Marketing and public relations professionals are sitting on a bevy of opportunities for outreach: phone, text, email, and, heck, even old-fashioned faxes. Over the last couple of years these professionals have been given cookiespatted on the back for making "good" use of social media and specific social networks to reach their target audiences as well. But when is enough enough? Here are some common offenses:
Adding a journalist / blogger on Facebook and entering into a trusted network only to blatantly pitch said journalist / blogger on his or her "wall"
Spam @ messaging a journalist / blogger on Twitter multiple times to get them to review / write about your news or technology
Commenting on unrelated FriendFeed posts to try and get the writer's attention
It appears that POM Wonderful, the popular brand of pomegranate juice, was experimenting with Google Wave by adding a group of food bloggers to an unsolicited Wave. Perlow writes:
Well, welcome to the next generation of spam. Commercial, unsolicited Google Waves. As if using and trying to get used to Google Wave was bad enough, the PR agencies and marketing firms of the world have decided to start taking advantage of us, because we’re a captive audience and if they’ve ever contacted us in the past via e-mail on GMail, they now have a full contact database of people to torture by Google Wave if they were able to get an invite onto the system.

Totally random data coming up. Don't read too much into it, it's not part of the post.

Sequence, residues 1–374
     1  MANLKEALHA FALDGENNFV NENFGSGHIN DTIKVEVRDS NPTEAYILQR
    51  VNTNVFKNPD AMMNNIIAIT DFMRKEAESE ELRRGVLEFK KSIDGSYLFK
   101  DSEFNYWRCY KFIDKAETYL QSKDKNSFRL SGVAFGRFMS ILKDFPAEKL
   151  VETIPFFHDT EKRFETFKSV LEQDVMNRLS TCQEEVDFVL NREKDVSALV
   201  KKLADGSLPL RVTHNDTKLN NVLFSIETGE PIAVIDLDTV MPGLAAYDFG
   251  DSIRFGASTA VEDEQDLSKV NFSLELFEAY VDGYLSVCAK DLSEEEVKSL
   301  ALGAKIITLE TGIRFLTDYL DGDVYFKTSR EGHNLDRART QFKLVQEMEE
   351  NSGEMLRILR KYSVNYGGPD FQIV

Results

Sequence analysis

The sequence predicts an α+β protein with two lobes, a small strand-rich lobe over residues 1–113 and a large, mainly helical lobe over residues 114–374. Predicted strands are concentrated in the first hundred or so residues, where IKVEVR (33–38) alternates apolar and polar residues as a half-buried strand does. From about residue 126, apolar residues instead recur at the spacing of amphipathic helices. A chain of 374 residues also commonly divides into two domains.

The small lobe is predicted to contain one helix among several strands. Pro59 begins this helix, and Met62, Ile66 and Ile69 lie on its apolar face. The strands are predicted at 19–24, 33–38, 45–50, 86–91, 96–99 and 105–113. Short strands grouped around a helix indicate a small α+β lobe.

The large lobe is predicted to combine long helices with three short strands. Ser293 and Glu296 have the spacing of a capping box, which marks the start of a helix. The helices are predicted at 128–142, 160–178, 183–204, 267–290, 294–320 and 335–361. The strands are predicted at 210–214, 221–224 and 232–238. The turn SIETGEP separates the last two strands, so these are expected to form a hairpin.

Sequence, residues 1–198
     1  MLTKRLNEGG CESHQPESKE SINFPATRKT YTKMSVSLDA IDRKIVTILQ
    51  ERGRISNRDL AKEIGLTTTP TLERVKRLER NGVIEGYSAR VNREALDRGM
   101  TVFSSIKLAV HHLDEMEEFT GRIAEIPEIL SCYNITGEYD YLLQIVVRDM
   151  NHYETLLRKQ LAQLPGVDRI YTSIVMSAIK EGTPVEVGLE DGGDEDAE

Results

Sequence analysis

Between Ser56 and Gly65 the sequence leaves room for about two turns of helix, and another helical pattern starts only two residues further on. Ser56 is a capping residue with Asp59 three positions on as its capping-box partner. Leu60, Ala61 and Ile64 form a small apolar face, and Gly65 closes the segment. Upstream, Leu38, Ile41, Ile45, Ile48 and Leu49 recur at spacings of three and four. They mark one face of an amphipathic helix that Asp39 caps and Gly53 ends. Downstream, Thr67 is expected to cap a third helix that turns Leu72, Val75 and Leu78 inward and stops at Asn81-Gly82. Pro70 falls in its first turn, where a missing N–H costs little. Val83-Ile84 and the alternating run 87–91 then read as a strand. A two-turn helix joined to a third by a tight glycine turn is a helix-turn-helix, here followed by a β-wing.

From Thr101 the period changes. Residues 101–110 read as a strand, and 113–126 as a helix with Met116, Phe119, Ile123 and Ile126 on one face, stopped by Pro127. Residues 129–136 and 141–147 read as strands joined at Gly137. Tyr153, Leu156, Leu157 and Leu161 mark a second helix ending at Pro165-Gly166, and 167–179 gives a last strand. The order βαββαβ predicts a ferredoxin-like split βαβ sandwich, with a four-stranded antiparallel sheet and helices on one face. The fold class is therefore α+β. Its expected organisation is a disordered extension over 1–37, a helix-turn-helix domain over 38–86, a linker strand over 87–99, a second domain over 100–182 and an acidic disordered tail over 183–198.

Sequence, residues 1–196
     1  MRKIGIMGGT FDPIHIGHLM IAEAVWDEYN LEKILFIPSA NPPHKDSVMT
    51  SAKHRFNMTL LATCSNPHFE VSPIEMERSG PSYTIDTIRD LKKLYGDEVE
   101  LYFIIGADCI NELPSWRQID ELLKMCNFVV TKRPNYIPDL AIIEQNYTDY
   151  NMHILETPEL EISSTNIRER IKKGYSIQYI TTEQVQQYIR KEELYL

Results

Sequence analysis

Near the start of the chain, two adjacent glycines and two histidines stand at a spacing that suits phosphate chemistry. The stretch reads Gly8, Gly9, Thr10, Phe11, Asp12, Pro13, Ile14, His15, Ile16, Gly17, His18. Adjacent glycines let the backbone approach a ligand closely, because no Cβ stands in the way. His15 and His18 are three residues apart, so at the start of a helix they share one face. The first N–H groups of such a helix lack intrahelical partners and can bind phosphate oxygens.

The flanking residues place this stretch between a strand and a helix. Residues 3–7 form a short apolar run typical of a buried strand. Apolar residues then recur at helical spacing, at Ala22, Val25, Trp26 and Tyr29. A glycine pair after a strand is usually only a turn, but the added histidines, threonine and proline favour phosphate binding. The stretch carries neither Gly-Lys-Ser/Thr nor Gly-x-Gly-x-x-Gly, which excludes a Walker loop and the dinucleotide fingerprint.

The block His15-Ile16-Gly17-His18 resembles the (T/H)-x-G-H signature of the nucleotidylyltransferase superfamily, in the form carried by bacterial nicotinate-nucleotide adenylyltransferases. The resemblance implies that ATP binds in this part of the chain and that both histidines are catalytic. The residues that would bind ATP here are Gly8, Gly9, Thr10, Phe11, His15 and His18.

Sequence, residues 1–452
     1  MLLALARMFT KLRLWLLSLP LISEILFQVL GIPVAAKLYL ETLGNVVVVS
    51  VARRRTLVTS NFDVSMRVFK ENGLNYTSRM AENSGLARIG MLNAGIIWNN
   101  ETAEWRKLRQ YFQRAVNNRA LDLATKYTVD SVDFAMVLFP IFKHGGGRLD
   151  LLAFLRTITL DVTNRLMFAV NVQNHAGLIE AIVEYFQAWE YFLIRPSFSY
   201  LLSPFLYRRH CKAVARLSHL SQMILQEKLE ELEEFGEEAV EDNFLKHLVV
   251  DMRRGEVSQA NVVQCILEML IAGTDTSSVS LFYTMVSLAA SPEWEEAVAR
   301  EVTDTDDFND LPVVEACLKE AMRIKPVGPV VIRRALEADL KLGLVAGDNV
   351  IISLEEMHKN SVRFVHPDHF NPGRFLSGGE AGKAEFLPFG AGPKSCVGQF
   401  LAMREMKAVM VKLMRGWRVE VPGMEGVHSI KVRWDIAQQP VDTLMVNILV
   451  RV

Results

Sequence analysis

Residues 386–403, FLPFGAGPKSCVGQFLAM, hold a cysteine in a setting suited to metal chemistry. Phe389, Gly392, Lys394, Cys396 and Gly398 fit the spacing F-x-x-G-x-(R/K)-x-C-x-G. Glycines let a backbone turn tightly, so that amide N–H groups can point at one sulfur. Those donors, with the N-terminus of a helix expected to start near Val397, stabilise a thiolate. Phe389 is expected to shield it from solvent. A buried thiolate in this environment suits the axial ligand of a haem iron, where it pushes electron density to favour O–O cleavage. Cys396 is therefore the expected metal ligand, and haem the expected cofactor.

But it's more than just annoying. It's risky. Perlow points out that since Wave is designed to be collaborative, and people can't opt out of Waves, by the time you delete an unsolicited Wave the damage is done. "People who have never made acquaintance with each other do not necessarily want to be “Waved in” with other people. There’s no “Blind CC” with Wave. Obviously Wave Etiquette is venturing into the world of the unknown," he writes.
Is this a time when the PR and marketing industries need to police themselves? I had a colleague once say to me, "If you're out there, you deserve to be contacted." However, does that mean that if you have an email address -- or a Google Wave account -- are you supposed to lie down and just take unsolicited spam and Waves?
"In a perfect world, PR people would have such a great story, tailored so perfectly to the right journalist, that they could deliver it by carrier pigeon and it would still get printed," said Peter Shankman, founder and CEO of Help A Reporter Out (HARO). "Sadly, a good number of PR people use technology as a crutch to mask their lack of a good pitch, lack of homework, and lack, in the end, of caring about their craft. And that's sad. For a lot of PR people, Google Wave is just the next crutch."